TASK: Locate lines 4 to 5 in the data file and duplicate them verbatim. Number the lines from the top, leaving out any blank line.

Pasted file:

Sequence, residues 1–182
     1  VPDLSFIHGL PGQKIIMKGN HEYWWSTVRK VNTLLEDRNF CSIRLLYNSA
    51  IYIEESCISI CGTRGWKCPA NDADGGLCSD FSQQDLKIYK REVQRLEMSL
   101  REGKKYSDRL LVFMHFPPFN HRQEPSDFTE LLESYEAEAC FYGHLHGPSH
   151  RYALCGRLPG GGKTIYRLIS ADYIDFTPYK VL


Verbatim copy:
   101  REGKKYSDRL LVFMHFPPFN HRQEPSDFTE LLESYEAEAC FYGHLHGPSH
   151  RYALCGRLPG GGKTIYRLIS ADYIDFTPYK VL